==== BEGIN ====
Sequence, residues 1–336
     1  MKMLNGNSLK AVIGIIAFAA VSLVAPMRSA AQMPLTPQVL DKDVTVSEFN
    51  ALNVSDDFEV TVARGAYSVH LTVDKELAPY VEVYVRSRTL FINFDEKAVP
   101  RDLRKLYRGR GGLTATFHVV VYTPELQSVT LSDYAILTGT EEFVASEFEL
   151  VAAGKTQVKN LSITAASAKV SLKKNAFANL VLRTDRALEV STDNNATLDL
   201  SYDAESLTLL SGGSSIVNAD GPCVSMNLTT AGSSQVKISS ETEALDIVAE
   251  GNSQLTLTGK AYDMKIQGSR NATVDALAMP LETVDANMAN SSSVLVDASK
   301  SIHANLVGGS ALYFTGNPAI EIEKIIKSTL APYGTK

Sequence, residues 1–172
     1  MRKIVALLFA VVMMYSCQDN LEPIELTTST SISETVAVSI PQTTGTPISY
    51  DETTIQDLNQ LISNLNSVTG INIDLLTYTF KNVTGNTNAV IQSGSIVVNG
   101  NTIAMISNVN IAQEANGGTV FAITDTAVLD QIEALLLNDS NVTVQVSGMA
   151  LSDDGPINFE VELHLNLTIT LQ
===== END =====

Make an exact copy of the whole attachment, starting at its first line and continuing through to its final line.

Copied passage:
Sequence, residues 1–336
     1  MKMLNGNSLK AVIGIIAFAA VSLVAPMRSA AQMPLTPQVL DKDVTVSEFN
    51  ALNVSDDFEV TVARGAYSVH LTVDKELAPY VEVYVRSRTL FINFDEKAVP
   101  RDLRKLYRGR GGLTATFHVV VYTPELQSVT LSDYAILTGT EEFVASEFEL
   151  VAAGKTQVKN LSITAASAKV SLKKNAFANL VLRTDRALEV STDNNATLDL
   201  SYDAESLTLL SGGSSIVNAD GPCVSMNLTT AGSSQVKISS ETEALDIVAE
   251  GNSQLTLTGK AYDMKIQGSR NATVDALAMP LETVDANMAN SSSVLVDASK
   301  SIHANLVGGS ALYFTGNPAI EIEKIIKSTL APYGTK

Sequence, residues 1–172
     1  MRKIVALLFA VVMMYSCQDN LEPIELTTST SISETVAVSI PQTTGTPISY
    51  DETTIQDLNQ LISNLNSVTG INIDLLTYTF KNVTGNTNAV IQSGSIVVNG
   101  NTIAMISNVN IAQEANGGTV FAITDTAVLD QIEALLLNDS NVTVQVSGMA
   151  LSDDGPINFE VELHLNLTIT LQ